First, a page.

By Nicole Sherwin
Companies are only beginning to uncover the best practices for engaging suppliers on sustainability. With suppliers providing the major inputs for the operations of businesses, it would only make sense that companies would be eager to engage this specific stakeholder on sustainability issues, but many companies are still fumbling over how to approach it. One of the main issues is that companies are stuck in a top-down mentality when it comes to supplier relationships; they implement policies and resort to monitoring suppliers, rather than engaging them. Yet, changes are afoot as companies begin to realize the importance of supplier engagement and collaboration as part of their sustainable procurement strategy.
Sustainable Procurement itself is a late bloomer in regards to the evolution of all corporate social responsibility practices. Companies need to look internally at their own environmental and social practices before requiring those around them to conform. Still, even large corporations that have been involved in Corporate Social Responsibility for some time are just beginning to take the most basic steps towards establishing Sustainable Procurement management systems. For example, Mattel Inc., under pressure from Greenpeace, has recently agreed to establish a sustainable procurement policy and just a few months ago Dow Chemical Company launched their first Code of Business Conduct for Suppliers. These companies are not small unsuspecting organizations, and yet the essential foundations to build a sustainable supply chain are just being laid.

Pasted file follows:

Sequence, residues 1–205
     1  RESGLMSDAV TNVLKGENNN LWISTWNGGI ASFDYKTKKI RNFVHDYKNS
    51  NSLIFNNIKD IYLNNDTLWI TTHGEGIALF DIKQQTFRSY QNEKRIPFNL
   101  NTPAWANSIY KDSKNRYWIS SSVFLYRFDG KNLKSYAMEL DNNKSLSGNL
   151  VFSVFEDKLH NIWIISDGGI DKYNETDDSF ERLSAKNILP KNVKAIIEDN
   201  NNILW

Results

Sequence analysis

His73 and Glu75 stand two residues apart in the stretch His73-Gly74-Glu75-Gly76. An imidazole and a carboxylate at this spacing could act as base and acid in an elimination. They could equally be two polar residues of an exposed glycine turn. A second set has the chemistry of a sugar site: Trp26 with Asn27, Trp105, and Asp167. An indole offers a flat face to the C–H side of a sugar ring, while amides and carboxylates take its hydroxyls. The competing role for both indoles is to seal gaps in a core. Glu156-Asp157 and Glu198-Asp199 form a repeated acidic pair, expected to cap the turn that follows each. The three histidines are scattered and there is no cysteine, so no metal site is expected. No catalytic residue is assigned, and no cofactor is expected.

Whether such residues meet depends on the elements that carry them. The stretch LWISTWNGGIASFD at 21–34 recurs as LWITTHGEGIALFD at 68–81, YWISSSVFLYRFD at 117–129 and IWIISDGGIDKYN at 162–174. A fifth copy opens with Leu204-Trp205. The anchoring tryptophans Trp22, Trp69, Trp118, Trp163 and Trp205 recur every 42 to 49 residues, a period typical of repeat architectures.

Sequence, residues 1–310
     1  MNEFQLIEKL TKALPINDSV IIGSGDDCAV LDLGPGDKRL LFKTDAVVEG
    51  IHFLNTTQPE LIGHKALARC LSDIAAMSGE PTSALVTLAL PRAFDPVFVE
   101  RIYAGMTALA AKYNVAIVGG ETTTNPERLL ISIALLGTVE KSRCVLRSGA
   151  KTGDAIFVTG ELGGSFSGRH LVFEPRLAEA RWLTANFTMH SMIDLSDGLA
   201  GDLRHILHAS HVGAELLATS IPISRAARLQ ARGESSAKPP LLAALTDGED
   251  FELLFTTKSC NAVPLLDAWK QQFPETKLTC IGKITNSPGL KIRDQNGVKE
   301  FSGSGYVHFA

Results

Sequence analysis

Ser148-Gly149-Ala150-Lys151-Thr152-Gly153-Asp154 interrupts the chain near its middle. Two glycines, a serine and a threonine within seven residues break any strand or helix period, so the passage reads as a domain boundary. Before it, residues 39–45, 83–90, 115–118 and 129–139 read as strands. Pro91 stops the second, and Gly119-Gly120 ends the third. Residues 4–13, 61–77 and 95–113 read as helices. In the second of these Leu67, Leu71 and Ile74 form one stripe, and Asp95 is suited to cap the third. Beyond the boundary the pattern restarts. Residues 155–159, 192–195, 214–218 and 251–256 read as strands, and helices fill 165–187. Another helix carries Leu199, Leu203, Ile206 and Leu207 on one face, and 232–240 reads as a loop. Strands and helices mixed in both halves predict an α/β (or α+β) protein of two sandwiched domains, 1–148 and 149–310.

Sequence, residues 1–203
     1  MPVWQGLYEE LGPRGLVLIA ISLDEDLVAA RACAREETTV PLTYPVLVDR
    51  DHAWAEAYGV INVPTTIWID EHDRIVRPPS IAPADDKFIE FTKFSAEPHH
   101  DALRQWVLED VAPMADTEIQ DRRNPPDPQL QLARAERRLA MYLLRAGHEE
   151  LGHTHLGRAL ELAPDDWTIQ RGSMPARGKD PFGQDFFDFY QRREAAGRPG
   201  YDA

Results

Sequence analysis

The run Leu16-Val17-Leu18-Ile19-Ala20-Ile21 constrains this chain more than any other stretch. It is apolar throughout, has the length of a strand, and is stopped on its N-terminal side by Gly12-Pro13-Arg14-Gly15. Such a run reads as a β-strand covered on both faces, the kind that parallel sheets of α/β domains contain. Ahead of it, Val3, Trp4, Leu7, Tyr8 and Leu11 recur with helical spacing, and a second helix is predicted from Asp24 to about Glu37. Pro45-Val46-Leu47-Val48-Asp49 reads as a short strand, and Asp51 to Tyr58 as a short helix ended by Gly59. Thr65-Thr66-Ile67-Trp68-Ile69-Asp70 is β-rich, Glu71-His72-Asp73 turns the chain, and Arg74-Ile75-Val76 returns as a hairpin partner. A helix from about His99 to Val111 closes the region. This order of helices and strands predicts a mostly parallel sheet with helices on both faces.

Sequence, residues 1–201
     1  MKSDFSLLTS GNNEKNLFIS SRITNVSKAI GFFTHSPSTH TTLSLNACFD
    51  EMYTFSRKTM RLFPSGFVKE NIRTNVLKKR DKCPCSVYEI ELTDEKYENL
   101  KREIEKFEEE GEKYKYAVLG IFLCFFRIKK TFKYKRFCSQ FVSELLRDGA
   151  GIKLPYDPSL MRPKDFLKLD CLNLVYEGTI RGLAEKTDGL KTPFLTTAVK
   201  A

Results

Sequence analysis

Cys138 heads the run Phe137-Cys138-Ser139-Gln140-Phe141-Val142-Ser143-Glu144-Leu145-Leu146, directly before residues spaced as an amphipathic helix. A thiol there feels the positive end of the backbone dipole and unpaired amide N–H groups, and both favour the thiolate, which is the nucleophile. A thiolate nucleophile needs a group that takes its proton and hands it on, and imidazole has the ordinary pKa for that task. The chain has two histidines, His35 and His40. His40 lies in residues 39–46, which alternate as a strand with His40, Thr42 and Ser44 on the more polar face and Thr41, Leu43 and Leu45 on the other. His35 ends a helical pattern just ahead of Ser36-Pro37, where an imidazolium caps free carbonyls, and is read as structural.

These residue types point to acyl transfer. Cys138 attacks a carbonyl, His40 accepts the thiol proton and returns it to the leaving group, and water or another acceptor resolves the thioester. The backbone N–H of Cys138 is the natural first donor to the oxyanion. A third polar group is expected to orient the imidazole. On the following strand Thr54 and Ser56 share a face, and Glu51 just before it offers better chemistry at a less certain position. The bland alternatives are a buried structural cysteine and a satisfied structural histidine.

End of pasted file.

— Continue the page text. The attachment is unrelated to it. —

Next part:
While policies, supplier codes of conduct, or CSR clauses within supplier contracts, are a critical first step, the act of engaging suppliers has been traditionally conducted from a defensive position. Suppliers are inundated with questionnaires, obliged to forgo audits, and subject to other monitoring practices. These one-sided business processes have their purpose, but they usually focus on the negative or aim to punish suppliers for non-conformity. With this approach, suppliers are not encouraged or motivated to change because they are not included in the process.
Monitoring suppliers is certainly part of a sustainable procurement strategy, but a complete strategy will also include a means to engage and support supplier improvement. Some of the emerging best practices include:
[Image Credit: Peter Shanks via Flickr - under creative commons license.]
Nicole Sherwin holds an MBA in Sustainable Management from Presidio Graduate School. She currently works for EcoVadis as a CSR Analyst in Paris, France.